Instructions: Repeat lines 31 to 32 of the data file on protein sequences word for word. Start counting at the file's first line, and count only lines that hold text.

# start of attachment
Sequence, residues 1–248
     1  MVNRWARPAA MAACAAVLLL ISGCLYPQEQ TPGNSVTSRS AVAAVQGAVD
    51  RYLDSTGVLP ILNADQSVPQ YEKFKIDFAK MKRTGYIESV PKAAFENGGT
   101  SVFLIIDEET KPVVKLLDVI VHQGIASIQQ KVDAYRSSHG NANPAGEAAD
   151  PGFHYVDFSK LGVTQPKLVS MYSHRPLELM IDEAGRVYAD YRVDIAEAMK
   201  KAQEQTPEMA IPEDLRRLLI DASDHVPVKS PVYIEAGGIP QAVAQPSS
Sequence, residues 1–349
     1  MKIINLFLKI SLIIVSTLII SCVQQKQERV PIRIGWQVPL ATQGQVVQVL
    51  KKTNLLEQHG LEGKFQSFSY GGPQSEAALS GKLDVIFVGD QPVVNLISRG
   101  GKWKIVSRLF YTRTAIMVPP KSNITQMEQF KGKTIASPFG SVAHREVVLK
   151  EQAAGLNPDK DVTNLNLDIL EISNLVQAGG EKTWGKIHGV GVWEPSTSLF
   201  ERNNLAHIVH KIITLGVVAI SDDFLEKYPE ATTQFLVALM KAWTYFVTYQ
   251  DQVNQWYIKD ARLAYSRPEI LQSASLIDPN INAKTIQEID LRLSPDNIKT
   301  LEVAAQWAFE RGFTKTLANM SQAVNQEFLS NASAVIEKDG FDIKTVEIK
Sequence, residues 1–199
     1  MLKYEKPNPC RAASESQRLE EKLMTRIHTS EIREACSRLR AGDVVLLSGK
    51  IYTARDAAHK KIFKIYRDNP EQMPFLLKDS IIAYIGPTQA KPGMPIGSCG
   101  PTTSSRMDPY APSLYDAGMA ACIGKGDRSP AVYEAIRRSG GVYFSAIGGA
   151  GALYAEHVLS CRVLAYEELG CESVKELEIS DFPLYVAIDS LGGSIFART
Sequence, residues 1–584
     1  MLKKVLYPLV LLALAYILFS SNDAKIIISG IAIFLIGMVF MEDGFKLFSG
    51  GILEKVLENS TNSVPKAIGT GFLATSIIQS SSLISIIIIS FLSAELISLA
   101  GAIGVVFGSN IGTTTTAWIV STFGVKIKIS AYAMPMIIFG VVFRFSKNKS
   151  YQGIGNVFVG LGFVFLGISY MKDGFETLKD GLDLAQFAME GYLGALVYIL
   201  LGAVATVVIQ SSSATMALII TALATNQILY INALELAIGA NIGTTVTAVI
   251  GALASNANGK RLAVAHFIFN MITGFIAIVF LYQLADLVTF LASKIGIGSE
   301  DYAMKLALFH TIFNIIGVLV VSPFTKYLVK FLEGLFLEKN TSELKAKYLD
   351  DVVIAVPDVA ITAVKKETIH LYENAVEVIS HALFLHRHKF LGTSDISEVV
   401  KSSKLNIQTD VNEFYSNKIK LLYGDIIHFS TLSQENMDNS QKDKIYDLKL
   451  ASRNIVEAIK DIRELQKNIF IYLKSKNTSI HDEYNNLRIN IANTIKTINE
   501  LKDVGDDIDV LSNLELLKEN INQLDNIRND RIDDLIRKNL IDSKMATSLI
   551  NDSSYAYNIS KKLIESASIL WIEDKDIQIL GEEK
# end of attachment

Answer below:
   501  LKDVGDDIDV LSNLELLKEN INQLDNIRND RIDDLIRKNL IDSKMATSLI
   551  NDSSYAYNIS KKLIESASIL WIEDKDIQIL GEEK